Background: Graves disease is well known to have multiple adverse effects on the cardiovascular system. We compared the cardiovascular outcomes after surgical intervention versus medical treatment in patients with Graves disease. Methods: We performed a retrospective study of all Graves disease patients with a cardiovascular comorbidity who underwent either surgical or medical management (N = 151). Perioperative biochemical and cardiovascular outcomes from the surgical versus the medical groups were analyzed. Results: Of 151 patients, 69 (45.6%) patients underwent total thyroidectomy and 82 (54.3%) patients received medical treatment. Hypertension resolved in 44.7% of the patients from the surgical group vs 18% in the medical group (P = .03). Tachyarrhythmias, including atrial fibrillation and tachycardia, improved in 85.9% of patients in the surgical group vs 66% in the medical group (P = .01). All cardiovascular manifestations examined, hypertension, tachyarrhythmias, and heart failure, improved in 69% of patients in the surgical group and 42.6% of patients in the medical group during the follow-up period (P < .01). Conclusion: Surgical treatment offers a significant and rapid clinical improvement of cardiovascular manifestations in Graves disease patients, such as hypertension, tachyarrhythmias, and heart failure. Surgery should be considered and recommended in Graves disease patients with known cardiovascular manifestations.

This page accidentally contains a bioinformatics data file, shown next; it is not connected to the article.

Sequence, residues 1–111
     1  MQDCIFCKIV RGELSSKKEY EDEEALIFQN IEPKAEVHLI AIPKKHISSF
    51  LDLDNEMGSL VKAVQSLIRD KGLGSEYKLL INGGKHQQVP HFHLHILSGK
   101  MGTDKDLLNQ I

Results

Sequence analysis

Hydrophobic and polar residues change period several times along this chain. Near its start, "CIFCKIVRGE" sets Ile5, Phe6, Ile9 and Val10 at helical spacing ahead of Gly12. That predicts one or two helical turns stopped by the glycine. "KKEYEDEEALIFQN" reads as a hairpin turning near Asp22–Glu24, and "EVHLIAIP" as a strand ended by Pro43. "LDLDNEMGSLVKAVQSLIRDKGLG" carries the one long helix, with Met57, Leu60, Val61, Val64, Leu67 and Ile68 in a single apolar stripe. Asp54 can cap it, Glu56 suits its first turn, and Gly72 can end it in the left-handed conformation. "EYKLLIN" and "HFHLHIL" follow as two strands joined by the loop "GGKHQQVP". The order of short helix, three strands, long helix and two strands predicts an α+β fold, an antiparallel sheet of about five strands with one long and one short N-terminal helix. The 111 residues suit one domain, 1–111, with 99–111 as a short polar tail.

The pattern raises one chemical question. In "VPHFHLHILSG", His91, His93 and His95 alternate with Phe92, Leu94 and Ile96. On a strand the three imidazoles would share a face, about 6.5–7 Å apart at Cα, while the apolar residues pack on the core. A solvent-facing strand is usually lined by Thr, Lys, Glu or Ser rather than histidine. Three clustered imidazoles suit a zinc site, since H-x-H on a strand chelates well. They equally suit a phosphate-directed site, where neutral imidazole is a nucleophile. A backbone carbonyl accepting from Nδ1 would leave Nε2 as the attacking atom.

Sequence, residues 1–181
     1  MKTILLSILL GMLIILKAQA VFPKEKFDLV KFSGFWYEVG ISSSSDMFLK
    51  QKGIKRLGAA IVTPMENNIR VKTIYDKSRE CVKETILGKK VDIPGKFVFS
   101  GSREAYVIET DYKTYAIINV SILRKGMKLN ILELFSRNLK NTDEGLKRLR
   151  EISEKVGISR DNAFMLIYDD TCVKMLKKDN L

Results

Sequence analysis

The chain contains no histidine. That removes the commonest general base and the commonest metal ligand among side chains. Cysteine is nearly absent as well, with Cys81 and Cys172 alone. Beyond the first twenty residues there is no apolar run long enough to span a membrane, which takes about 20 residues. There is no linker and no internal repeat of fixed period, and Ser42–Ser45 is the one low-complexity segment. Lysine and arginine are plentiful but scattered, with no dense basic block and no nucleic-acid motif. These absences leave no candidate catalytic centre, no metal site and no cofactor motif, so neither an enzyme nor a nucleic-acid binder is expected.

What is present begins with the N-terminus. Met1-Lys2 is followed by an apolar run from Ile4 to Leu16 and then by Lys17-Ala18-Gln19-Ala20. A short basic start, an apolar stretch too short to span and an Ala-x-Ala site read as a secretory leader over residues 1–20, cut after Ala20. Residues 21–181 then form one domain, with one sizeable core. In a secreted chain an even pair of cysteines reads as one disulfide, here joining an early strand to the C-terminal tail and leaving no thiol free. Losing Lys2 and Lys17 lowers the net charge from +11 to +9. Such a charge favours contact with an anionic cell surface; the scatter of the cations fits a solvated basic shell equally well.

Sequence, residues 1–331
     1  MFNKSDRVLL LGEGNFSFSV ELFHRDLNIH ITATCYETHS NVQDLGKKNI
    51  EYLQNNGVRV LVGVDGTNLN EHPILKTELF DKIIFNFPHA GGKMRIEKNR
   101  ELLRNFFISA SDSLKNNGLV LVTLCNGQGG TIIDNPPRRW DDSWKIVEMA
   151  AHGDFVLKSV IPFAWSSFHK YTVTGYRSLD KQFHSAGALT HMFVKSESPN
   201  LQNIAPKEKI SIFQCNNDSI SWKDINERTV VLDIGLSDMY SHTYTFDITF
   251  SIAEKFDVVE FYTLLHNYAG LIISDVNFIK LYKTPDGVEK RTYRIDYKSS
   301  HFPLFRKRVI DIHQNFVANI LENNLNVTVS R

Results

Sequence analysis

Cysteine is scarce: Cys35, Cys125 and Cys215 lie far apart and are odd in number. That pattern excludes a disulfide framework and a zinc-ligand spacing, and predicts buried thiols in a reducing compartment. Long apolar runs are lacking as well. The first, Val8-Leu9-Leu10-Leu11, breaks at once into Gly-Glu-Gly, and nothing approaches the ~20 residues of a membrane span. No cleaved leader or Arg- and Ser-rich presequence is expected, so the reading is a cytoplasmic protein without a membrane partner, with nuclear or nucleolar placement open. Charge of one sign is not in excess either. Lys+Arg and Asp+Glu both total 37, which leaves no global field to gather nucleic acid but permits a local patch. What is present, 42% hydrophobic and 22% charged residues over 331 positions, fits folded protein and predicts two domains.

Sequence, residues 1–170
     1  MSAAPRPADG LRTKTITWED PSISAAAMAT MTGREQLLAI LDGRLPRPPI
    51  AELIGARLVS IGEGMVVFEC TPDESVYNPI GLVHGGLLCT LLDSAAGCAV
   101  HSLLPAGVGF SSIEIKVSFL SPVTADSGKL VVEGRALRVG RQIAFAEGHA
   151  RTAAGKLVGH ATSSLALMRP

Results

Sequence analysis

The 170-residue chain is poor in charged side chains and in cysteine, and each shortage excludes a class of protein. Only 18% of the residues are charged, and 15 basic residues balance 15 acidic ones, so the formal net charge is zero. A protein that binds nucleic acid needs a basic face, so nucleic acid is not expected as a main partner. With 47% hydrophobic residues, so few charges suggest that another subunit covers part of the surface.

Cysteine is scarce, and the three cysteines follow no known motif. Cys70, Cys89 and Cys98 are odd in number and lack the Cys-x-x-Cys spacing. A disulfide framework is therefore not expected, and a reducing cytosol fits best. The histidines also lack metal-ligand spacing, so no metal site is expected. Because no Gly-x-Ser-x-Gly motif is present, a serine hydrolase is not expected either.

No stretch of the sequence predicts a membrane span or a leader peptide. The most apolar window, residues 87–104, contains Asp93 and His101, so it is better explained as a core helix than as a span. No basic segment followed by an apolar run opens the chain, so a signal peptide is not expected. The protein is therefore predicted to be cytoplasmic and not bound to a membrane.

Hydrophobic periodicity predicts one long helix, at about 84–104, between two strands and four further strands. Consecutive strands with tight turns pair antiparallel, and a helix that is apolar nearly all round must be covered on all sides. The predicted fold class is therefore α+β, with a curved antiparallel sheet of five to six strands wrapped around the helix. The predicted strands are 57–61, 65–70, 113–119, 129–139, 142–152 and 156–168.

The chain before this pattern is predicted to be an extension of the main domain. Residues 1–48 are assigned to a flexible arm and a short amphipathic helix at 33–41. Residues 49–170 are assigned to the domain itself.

ASJC Scopus subject areas